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Hawaii aims to reduce immigration lines at Honolulu airport

Hawaii plans to install machines that will reduce immigration wait times at Honolulu airport

Hawaii aims to reduce immigration lines at Honolulu airport

HONOLULU (AP) -- The state of Hawaii plans to install machines to reduce the time travelers have to wait in immigration lines when they arrive at Honolulu International Airport.

The machines should reduce the time visitors spend in long lines by having the passengers scan their passports and fingerprints, quickening the immigration process, officials said.

"Visitors get to their destination on a more timely basis -- hotels, beaches, wherever they want to get to," said Ross Higashi, deputy director of the state Department of Transportation, said Tuesday.

Many foreign visitors wait in long lines because many flights arrive from Asia around the same time each day. Peak arrival hours are between 10 a.m. and 2 p.m. Standing in a long line is often one of the first experiences international tourists have in Hawaii after getting off an eight-hour red-eye flight from the other side of the Pacific.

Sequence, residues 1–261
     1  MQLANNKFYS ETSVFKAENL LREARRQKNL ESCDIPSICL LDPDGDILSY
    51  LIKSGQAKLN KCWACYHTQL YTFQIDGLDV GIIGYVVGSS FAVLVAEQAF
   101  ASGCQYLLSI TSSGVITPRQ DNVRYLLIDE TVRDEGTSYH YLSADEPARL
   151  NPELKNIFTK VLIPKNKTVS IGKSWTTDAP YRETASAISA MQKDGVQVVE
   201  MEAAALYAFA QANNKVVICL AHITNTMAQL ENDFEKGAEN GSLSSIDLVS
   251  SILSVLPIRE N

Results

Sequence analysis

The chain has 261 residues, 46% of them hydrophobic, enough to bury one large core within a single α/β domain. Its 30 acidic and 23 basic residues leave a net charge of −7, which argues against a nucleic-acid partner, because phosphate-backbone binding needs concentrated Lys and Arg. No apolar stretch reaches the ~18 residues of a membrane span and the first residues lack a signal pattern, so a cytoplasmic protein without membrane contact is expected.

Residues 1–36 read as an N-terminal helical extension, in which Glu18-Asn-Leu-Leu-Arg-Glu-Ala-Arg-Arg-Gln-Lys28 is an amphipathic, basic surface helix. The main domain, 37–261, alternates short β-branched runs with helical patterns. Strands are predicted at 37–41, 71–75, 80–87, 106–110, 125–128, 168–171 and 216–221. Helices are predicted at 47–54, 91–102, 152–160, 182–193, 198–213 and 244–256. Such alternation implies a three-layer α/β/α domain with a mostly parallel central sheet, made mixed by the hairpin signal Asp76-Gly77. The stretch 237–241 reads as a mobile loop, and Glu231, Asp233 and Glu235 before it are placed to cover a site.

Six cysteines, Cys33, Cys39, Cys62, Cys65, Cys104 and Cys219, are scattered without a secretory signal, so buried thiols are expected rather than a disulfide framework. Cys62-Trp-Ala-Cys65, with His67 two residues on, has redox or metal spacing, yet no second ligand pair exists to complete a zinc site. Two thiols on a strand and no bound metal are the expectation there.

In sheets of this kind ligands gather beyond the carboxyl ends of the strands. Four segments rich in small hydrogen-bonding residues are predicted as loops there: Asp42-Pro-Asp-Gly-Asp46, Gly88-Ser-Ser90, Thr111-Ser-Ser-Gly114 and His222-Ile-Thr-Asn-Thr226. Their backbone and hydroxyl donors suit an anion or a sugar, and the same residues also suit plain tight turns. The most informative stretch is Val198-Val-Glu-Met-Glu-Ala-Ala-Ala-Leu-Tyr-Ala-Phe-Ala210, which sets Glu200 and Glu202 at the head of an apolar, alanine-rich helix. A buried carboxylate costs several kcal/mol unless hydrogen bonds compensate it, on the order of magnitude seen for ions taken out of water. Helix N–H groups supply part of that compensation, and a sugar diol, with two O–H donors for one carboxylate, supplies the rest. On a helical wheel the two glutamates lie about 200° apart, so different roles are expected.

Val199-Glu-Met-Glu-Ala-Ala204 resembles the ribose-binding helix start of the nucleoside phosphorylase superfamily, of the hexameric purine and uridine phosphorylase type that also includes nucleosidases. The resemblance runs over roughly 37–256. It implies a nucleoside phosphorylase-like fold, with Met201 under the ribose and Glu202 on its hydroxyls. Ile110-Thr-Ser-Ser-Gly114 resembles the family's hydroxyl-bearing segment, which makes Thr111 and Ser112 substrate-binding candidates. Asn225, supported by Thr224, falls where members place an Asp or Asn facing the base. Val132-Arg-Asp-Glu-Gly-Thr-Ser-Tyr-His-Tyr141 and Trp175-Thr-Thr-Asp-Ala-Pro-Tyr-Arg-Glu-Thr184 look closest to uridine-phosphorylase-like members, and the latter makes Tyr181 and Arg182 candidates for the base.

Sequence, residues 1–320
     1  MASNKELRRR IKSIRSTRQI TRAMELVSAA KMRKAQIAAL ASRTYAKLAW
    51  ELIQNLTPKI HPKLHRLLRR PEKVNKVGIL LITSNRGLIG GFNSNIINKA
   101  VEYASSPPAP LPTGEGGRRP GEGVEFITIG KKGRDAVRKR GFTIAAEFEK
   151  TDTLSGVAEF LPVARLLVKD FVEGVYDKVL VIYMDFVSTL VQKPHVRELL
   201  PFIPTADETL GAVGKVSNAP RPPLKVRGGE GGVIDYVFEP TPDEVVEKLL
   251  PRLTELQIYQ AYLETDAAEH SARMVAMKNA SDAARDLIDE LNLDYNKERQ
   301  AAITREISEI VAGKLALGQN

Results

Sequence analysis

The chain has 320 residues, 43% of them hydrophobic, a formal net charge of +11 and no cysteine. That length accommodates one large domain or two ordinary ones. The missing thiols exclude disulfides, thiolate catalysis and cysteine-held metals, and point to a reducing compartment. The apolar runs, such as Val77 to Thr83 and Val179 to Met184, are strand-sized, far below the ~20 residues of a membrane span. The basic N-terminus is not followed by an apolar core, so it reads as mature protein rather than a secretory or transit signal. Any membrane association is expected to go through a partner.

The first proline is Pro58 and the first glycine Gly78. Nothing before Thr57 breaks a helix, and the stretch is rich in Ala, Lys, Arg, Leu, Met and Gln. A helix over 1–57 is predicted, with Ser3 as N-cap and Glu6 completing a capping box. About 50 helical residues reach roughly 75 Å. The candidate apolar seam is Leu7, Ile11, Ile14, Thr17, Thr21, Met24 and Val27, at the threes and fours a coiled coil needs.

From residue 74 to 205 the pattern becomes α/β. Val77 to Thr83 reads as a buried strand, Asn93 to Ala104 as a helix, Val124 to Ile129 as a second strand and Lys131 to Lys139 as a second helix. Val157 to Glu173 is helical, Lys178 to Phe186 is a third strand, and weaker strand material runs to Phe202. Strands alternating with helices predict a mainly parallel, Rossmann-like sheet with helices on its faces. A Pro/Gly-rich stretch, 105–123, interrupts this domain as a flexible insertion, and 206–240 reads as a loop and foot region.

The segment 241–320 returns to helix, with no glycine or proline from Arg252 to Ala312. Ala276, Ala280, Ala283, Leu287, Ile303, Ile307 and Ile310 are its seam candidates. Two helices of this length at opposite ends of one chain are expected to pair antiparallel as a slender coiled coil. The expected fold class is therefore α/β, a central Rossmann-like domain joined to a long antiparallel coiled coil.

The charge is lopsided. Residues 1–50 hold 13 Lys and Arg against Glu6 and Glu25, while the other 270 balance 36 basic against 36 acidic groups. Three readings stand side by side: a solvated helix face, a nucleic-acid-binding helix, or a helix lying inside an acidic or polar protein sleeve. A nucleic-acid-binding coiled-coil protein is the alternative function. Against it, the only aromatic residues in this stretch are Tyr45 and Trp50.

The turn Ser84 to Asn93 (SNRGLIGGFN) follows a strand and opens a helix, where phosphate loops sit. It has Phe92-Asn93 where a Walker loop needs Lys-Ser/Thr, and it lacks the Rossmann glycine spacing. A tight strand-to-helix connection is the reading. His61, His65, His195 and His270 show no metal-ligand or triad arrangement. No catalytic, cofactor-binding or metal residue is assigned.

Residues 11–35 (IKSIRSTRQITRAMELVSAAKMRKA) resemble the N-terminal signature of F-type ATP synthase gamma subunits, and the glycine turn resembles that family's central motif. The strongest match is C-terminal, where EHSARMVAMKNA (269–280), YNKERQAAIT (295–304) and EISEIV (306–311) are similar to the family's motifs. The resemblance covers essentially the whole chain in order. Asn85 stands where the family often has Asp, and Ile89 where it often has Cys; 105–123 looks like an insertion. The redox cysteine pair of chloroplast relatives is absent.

Passengers must wait an average of 20 to 30 minutes to pass immigration in Honolulu, Higashi said. The machines should cut a half-hour wait by 10 minutes. The state plans to install 32 of the machines at a cost of $1.7 million. Similar machines are already in use at international airports in Chicago, Houston and other cities.

Gov. David Ige told tourism industry officials about the machines during a conference last week. He said they're part of a broader plan to support tourism, Hawaii's biggest industry, as the state reports record-breaking visitor arrivals.

"The question that we need to ask ourselves is how do we ensure that these numbers remain strong and grow in the months and years to come?" Ige said at the Hawaii Tourism Conference.

The governor also touted his efforts to push the U.S. and Japanese governments to establish a program that would allow Japanese travelers to clear U.S. immigration and customs before they even board their flights at Narita International Airport outside Tokyo.

The U.S. government's preclearance program allows Customs and Border Protection officers stationed abroad to decide whether to admit passengers and their belongings before they leave a foreign port. The U.S. Department of Homeland Security in May said it would begin talks to expand preclearance to 10 new foreign airports, including Narita.

Updated : 2021-09-21 05:14 GMT+08:00